Letter #116

Barbados 3d Jany 1839

My dear Kate: In consequence of the Packet having made an excellent passage and reaching Carlisle Bay on the 27th or 28th Decr whereas she was only due today, you must be content to receive two of my stupid letters dated within I think a week of each other. No doubt you will exclaim at the postage and substance herein, but truly I have little more to add to my last red ink ...     Read more

Letter #117

The Lady Charlotte, a Liverpool merchantman homeward bound from Peru, was driven ashore and wrecked on the south-west coast of Ireland with the loss of nine lives on 23 October 1838. 

‘Buckeen’ is an Irish word meaning a social climber. 

The earthquake of 11 January 1839 was centred on Martinique, where the French naval base at Fort Royal, now Fort Saint Louis, was largely destroyed with ...     Read more

Letter #118

Sir Edward Cust was a veteran of the Peninsula and a former Member of Parliament. He was at this time Master of the Household to King Leopold of the Belgians. 

‘I never quized Kate’: see letters 102 and 103.

 Barbados 13 Feby 1839

How is this my dear Kate? No letter from you by the last Packet of the 15th Jany which arrived after a short passage of 21 or 22 days. That you have written I do not doubt, and ...     Read more

Letter #119

Barbados 16th Feby 1839

This will be somewhat like master Fred’s hasty scrawls, but you must not be severe my dear Kate, for ski-he is the order of the day. I was only released from the Genl Court Martial last evening about 3 oclock, and have with Capt Rutherfurd who was also on the Court, been working away to prevent our office affairs getting in arrear by this interuption. Our award has been confirmed – the young ...     Read more

Letter #120

‘The poor man and his donkey’ refers to Aesop’s fable, The Man, the Boy and the Donkey’, the moral of which is ‘please all and you will please none’.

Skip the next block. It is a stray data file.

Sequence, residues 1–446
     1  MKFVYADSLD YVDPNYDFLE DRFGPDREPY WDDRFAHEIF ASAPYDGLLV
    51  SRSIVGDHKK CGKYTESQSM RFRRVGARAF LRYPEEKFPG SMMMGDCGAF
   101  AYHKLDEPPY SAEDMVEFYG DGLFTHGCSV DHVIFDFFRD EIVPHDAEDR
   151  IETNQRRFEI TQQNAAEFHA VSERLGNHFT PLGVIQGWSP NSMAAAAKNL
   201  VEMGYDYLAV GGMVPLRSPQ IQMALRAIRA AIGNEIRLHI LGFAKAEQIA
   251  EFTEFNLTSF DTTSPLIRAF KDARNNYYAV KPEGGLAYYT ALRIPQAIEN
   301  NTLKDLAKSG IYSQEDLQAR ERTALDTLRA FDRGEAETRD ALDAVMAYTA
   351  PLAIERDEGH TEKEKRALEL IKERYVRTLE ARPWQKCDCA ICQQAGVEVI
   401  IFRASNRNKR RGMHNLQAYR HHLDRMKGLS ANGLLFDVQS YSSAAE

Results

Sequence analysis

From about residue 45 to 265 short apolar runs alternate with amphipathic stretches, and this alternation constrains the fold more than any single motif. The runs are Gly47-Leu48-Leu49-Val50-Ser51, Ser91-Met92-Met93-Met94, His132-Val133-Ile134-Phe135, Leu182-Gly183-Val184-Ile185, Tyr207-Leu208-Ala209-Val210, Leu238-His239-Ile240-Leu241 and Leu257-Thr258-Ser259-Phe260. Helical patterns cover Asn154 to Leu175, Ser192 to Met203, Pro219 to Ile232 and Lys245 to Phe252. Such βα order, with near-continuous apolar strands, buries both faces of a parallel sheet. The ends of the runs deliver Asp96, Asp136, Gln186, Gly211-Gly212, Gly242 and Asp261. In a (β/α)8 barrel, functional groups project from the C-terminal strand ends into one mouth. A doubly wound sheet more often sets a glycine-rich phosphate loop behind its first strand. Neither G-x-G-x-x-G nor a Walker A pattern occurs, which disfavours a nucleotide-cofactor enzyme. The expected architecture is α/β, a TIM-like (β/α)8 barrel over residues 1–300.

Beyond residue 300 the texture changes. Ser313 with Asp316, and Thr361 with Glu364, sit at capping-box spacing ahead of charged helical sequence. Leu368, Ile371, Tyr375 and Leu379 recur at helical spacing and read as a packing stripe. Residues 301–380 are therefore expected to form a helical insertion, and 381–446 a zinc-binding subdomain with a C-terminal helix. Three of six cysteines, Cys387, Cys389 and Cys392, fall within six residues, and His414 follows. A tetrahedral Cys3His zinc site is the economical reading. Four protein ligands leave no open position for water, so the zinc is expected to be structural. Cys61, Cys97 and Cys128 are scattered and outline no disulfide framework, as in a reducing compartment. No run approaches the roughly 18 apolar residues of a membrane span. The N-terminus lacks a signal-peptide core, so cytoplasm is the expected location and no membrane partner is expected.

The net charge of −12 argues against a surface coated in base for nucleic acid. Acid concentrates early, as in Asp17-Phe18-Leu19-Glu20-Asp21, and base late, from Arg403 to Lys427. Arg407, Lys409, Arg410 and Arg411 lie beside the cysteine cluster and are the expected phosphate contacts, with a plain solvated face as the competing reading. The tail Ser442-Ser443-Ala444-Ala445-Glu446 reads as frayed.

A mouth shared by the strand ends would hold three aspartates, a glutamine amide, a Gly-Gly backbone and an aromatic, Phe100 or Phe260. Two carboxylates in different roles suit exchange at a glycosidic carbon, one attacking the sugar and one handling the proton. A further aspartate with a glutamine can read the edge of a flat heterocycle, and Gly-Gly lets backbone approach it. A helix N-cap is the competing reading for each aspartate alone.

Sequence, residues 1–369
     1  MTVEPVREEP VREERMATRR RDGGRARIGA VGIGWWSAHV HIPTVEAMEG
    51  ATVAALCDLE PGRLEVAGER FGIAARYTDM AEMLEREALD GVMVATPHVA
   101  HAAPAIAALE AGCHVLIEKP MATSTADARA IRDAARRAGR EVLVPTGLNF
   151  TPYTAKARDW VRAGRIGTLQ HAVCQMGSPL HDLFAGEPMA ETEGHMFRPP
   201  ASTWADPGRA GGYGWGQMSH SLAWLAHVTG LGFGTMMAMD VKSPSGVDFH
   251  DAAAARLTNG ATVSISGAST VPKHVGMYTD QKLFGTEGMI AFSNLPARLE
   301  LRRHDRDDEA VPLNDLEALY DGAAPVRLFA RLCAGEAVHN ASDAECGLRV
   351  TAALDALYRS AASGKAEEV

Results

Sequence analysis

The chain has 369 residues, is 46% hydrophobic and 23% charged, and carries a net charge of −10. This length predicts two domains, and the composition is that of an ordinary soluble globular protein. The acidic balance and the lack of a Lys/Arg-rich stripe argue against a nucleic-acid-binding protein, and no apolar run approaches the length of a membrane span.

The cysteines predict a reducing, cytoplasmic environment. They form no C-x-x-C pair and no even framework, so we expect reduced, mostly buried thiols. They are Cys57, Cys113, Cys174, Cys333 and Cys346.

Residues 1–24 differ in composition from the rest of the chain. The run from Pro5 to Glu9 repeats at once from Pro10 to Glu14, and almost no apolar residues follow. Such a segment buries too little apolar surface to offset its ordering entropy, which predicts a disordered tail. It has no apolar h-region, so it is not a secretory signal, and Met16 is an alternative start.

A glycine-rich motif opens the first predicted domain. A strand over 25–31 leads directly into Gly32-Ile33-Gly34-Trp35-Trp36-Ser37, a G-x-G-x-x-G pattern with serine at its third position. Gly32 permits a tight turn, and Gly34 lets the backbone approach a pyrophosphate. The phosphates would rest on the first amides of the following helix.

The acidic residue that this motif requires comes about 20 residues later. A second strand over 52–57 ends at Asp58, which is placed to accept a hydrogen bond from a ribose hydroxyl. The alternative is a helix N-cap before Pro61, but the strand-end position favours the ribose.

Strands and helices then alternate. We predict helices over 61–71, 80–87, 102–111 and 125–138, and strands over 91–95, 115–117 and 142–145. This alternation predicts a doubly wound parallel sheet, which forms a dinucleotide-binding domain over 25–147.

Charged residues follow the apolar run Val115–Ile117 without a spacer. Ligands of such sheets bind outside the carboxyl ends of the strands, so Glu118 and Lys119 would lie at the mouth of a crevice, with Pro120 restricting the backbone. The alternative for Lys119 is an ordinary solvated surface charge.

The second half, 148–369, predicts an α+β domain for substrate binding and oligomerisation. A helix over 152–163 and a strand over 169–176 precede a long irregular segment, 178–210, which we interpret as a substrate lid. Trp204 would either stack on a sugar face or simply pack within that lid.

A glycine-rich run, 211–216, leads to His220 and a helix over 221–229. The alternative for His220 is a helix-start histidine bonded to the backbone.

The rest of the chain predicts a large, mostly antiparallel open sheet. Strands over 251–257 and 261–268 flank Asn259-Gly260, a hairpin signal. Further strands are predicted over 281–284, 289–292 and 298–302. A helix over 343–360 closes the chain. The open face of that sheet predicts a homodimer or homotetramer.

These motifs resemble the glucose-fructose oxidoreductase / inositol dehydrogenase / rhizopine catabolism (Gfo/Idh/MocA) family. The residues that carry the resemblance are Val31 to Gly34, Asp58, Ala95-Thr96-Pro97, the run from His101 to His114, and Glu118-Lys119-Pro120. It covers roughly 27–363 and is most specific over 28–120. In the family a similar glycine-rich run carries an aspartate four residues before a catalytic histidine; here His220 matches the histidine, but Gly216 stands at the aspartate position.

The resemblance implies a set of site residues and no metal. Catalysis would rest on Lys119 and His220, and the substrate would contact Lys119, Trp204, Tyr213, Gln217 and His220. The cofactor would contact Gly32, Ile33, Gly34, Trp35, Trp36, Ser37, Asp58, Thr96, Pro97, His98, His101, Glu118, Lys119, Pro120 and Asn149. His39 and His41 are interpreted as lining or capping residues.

Admiral Edward Hawker, a member of the Plymouth Hawker family, was a retired officer whose comments on naval and military matters were published from time to time in The Times over the pseudonym ‘A Flag Officer’. He crops ...     Read more

Letter #121

The Bocas strait separates Trinidad from the coast of Venezuela. English spells it ‘Boags’. 

The Governor of Trinidad, Sir George Fitzgerald Hill, had died on 8 March. 

Trinidad had been ceded to Britain under the Treaty of Paris in 1814, having been previously colonised by the Dutch, Spanish and French. Following a disastrous fire, the first British Governor, Sir Ralfe Woodford, employed ...     Read more

Letter #122

The Governor of Grenada was Colonel Carlo Joseph Doyle.

On Board Her Majesty’s Steamer Spitfire
11th April 1839 off Guadeloupe

Your charming letter my dear Kate dated 1st March reached its destination last night as all our party assembled on board preparatory to quitting Antigua having completed our business at that station, and we left the Island this morning about seven, but I have been so employed this morning and feel so fearful that a letter will not ...     Read more

Letter #123

Isambard Kingdom Brunel’s latest engineering triumph, the first transatlantic steamship SS Great Western, powered both by steam paddles and sails, had made her maiden voyage just a year ago. She could complete the eastbound voyage in 14 days.

Barbados 22 April 1839

Well my dear Kate, have you got that slow coach under weigh yet? I sincerely trust you have and that he is on the wide sea with the prospect of a glorious ...     Read more

Letter #124

Sir Francis Bond Head, a Royal Engineer, was probably personally known to English as both had served in the Waterloo campaign and the occupation following it. He had just retired as Lieutenant-Governor of Upper Canada, and published A Narrative about his administration there.

The General’s breakfast over his maps of India reflects his close interest in northern India where he had served from ...     Read more

Letter #125

Not dated, but written on 18 May 1839.

Your letter of the 15th April signed your ‘miserable and wretched wife Catherine English’ wherein you state my dear Kate that you had such a wretched dream about me is now under my left hand. Your worthy maid Janet will solve the said dream, as always going by contraries. Thus some good luck attends us, it is to be hoped. Altogether your letter ...     Read more